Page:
One of the problems we have, though, is that some of the costs around both provisions and the way in which we account for these things are actually changing for different reasons. So, there is, inevitably, going to be an impact on the way in which future accounts reflect inflation, because these are judgments and financial calculations that take place over many years and with lots of technical formulae in place, and inflation is going to be a driver of extra costs. The cost of an average case to settle is already twice what it was, going back a number of years or so a go. So, actually, the more complex cases that are emerging at this stage also lead to some of those areas. But what is quite interesting, though, is that, actually, the amount that is paid out in revenue terms for clinical negligence claims, despite the provision that is made available, stays quite static. It's usually somewhere between about £100 million and £120 million a year. So, I actually think we've now got some evidence showing that some of the actions that the system took to try to mitigate on a local basis some of the cases that would emerge into the Welsh risk pool mean that the numbers are actually not just stabilising, but have actually reduced between the two annual accounts periods as well. But I do worry that this still remains a really significant resource, but it's not money that is generally available for us to deploy for other purposes. There are some specific accounting mechanisms around clinical negligence that mean that it's like a draw-down. It is what it is in a year, and you just make the money; you can't suddenly decide to spend it somewhere else, and it's actually drawn through a very particular technique—a particular technical accounting treatment, I should say, sorry.


Dr Goodall, just following up on that—pardon me, because the signal went slightly; technical issues, I should say—with regard to what you said when you just draw down for that specific purpose, that money that's not used, for example, from this particular pot that you say is for clinical negligence, it can't be used anywhere else in the Welsh Government, I take it, for any other accounting purposes.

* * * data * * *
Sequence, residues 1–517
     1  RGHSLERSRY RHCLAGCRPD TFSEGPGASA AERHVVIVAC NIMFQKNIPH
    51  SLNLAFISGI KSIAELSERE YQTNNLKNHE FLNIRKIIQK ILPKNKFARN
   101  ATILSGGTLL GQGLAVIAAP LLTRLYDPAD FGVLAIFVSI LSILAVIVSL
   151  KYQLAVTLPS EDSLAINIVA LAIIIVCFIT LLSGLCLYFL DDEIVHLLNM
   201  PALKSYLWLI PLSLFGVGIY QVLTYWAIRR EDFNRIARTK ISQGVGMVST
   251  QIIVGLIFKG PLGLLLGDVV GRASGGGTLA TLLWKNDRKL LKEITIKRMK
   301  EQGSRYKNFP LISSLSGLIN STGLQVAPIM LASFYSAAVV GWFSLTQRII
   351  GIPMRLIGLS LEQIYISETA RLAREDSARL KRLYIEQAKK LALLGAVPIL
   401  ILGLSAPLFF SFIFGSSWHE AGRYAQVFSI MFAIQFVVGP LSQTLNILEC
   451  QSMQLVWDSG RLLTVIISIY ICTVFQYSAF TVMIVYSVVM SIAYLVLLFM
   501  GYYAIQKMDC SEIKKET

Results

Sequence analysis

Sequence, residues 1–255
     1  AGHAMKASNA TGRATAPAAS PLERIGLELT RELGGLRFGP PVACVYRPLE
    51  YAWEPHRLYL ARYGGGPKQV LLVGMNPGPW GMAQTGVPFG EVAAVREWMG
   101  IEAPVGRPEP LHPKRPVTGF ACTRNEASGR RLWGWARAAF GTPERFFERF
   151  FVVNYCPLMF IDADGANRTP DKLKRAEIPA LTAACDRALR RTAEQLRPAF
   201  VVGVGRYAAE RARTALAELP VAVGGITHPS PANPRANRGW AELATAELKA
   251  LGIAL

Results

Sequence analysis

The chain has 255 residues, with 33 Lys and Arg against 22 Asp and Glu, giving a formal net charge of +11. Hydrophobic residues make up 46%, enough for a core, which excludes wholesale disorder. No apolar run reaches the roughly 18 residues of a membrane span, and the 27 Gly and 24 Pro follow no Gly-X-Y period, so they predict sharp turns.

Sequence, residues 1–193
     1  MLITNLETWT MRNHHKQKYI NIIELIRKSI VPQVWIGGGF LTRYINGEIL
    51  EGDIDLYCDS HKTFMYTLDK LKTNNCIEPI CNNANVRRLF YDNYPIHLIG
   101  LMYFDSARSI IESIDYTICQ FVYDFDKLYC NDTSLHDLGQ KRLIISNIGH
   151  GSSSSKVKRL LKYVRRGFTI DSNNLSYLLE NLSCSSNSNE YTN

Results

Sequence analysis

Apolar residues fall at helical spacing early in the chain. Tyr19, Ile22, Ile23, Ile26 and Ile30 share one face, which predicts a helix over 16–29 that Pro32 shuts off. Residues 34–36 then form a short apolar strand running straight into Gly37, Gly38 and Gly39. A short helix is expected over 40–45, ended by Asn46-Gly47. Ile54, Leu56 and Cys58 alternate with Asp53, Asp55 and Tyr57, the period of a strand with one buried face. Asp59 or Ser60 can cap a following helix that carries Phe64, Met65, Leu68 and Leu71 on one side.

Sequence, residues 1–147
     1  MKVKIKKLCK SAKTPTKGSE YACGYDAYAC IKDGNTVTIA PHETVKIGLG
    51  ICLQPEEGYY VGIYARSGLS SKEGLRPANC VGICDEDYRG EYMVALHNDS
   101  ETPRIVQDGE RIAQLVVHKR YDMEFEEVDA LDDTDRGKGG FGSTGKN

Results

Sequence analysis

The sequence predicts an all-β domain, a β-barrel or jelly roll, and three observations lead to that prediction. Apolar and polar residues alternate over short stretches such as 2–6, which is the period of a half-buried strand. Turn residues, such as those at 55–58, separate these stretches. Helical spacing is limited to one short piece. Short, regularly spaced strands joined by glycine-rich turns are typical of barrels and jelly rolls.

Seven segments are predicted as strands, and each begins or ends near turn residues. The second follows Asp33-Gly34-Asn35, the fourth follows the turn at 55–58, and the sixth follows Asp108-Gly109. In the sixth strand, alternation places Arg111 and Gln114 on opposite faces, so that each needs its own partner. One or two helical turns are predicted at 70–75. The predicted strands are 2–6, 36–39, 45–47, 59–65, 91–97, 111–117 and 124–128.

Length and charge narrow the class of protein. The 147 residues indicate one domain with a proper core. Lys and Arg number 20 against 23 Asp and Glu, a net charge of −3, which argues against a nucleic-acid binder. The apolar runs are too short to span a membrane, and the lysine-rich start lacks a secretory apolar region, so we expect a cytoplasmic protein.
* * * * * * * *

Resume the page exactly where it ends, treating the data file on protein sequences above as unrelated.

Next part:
It's from our AME budget, which Gawain will explain, which is contained, so, yes.

With the risk pool, as I said, the change was about £300 million. When you create, increase or reduce a provision, it actually scores at that point to a budget called annually managed expenditure, or AME, and so, where we have these increases in something like the risk pool, that doesn't reduce our spending power on revenue or capital. That's partly because of the way that we have to produce these estimates, because they are, at this stage, only estimates. Our provision is simply—. We know there's a future liability, but there's some uncertainty over the risk or the timing of that, and that's why the increases or decreases report to or fall to annually managed expenditure. As the Permanent Secretary was saying, in terms of the actual cost to the Welsh Government, that's only realised at the point that you actually pay out, if you have to pay out on a particular claim, and that has been fairly steady over the last few years at about £100 million.

Okay. Thank you very much. I only have two more questions to go, Chair. I promise I'll be quick. You've actually said, and I quote,

'In special circumstances, the Welsh Government acts as guarantor for its sponsored bodies or in relation to public infrastructure works. None of these guarantees are material.'

So, I'd like to know in what circumstances have you provided guarantees. Personally, I'm quite suspicious of anyone giving guarantees, because they can go very badly when things do go very badly. How many has the Welsh Government provided and what is the aggregate value of them all combined together?

Gawain, do you want to pick up the guarantor response?

Okay, yes. There are three, two of which are, actually, historic, and the Welsh Government has effectively inherited them. They were guarantees given by the National Assembly for Wales for the national museum pension scheme and the National Library of Wales pension scheme. So, in effect, as I said, we inherited those, and potentially they're £57 million and £32 million, but we do treat these as, effectively, remote, so the chances that we'll have to pay out on these we consider to be remote.

The third one is a strange one. It's actually with Dŵr Cymru and local authorities. It was all to do with the fact—sorry, I don't know much about house building—but it's all to do with the fact of the timing of when you're designing and building a property and when Dŵr Cymru and the local authority take on responsibility for the sewers, the drains and the roads. What we found was there was this period that, effectively, was holding up the development of social housing because no-one would actually provide a guarantee about that time period if something was to happen. Now, again, we've never paid out on that, but it was just a guarantee that we felt was important to put in place. It is only for registered social landlords; we don't provide that guarantee for private developers. The estimate on that could be up to £40 million depending on the value of, obviously, the schemes that are going on, but, again, we've never paid out on any of those.

And can I ask when this Welsh Water and local authorities guarantee began, please—this guarantor—when it was signed or sealed? I know you said you inherited two of them, but this one clearly was under your discretion, I believe.